Monday, August 11, 2014

Learning to think like an Alpini

I have always been a coastal guy.  Born in San Francisco, raised on the California North Coast and calling Orange County my home.  Perfect weather, laid back, the livin’ is easy.  But the older I get the more I feel the call of the mountains and the challenges and intrigue that they hold. 

This summer, we had the chance to spend more time in the mountains than in the past.  To listen and learn from those who have made a life where others have found it too difficult.  One afternoon, we decided to hike up to a lake about 6,000 feet up in a place called Agaro which is in the Val Devero in Northern Italy. 
The welcoming committee

Originally a small but bustling village settled by Germans(known as Walsers) 500 years ago looking for a more independent life, its nature had been changed when a hydroelectric dam was built in the 1930’s.

The ensuing lake left a rim of terraced pastures and ten or so mountain huts that were available for the taking.  Some industrious farmers knew of the history of the Walsers who learned to manage the ecosystem of small pastures that were rich with grasses and wildflowers in the Spring and Summer.  Elaborate systems of paths and pulleys had been built to move the cows and hay around each field and level so that each patch of nutrient could be captured. 

We came upon an older man and his wife who had been spending their summers here for the past 50 years.  Aldo, as we soon learned, was a master cheese maker who brings his cows up the 15 miles from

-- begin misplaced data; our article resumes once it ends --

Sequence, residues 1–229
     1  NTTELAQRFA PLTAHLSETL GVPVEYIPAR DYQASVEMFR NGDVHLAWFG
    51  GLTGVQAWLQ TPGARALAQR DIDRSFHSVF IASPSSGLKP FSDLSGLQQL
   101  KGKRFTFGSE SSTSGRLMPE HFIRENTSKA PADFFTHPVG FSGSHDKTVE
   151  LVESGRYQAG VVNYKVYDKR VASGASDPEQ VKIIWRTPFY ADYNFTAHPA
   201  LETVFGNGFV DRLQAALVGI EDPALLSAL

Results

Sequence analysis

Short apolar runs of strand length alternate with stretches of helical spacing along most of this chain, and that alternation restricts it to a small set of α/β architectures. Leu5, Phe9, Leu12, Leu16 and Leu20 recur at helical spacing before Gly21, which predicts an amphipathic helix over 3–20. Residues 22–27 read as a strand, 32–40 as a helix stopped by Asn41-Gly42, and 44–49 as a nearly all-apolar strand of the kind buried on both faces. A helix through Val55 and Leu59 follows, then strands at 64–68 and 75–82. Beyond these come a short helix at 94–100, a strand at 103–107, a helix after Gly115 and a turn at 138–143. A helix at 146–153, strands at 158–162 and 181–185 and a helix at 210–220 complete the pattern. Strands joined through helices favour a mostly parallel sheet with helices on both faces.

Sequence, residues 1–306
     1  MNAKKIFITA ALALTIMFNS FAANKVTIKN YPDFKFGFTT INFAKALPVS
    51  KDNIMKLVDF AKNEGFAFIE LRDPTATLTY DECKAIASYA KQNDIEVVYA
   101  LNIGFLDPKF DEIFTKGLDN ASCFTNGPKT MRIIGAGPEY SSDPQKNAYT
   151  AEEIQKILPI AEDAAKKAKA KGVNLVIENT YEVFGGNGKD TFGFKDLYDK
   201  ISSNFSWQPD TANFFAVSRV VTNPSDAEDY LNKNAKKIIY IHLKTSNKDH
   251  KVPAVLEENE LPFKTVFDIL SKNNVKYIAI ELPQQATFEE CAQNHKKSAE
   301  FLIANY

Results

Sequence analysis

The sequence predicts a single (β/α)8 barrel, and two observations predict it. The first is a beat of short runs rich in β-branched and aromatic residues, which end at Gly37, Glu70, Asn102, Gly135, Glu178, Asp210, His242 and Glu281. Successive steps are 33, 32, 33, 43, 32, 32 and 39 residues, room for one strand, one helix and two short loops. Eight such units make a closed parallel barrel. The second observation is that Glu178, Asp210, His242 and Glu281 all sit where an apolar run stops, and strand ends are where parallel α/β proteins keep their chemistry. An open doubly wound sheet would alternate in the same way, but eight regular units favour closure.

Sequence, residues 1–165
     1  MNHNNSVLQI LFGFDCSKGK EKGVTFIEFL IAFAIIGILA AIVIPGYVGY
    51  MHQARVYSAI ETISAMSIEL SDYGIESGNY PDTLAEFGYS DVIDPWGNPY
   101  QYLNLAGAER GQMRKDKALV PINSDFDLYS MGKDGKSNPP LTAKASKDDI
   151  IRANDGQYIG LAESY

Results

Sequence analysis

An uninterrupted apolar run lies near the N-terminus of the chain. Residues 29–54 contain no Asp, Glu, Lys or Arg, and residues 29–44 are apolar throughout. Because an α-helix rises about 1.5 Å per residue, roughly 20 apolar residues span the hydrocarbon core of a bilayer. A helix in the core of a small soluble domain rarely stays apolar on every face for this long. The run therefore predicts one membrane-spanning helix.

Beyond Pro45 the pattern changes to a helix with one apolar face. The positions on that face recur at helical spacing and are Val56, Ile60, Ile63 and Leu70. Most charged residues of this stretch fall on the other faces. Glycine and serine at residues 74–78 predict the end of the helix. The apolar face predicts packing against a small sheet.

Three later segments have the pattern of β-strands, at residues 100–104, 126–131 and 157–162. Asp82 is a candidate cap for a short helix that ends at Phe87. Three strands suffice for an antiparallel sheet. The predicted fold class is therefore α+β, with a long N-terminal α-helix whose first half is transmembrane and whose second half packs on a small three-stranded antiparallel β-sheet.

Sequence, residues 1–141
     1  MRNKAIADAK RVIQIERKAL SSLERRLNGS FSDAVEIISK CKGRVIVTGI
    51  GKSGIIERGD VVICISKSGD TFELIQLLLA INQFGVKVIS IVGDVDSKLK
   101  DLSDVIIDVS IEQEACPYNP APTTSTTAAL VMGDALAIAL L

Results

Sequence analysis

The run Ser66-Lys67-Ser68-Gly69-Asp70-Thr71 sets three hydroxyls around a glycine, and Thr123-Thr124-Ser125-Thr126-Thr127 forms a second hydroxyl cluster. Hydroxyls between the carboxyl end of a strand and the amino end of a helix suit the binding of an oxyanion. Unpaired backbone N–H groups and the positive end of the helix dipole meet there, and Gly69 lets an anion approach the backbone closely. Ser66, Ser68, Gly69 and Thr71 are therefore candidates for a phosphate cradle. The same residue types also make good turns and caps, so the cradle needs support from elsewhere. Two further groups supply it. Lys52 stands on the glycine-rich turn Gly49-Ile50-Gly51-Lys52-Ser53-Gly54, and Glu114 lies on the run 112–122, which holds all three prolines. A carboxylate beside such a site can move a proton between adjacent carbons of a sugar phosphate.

the valley to spend the summers.

Class in session with Aldo
The cows did not just graze, but were hand milked twice a day.  And with that milk, cheese was made painstakingly by hand without the aid of electricity or running water.  But with the wisdom of many ages, the old hut carved into the mountain to keep cool, with just a little stream running in a channel in the floor for cooling. 

"Mrs Aldo" can be seen in the house entry
Today, cheese like this is prized and sells for as much as $50/pound in the finest shops around the world because you can taste the flowers and the new grasses along with the pure water that nourishes the cows. 

This doesn't happen in Chicago
People like Aldo know that each blade of grass, each flower, each summer moment is a valuable resource to be captured and used.  And that this cycle of the season, far from pressures of the digital world, holds a grace and richness that cannot be found in the industrial world.

Aldo has trouble walking now and cannot make the full 15 mile walk with the cows. That task is left to his wife who not only brings the cows but supplies that are needed for the summer.  Aldo catches a ride in an old Fiat and walks the last mile in.  A partnership that has stood the test of time.

I hope that this way is not lost forever with the passing of the generations.  Incredible lessons that we need as we seek to manage a world with less water, scarce land and the need for healthier food.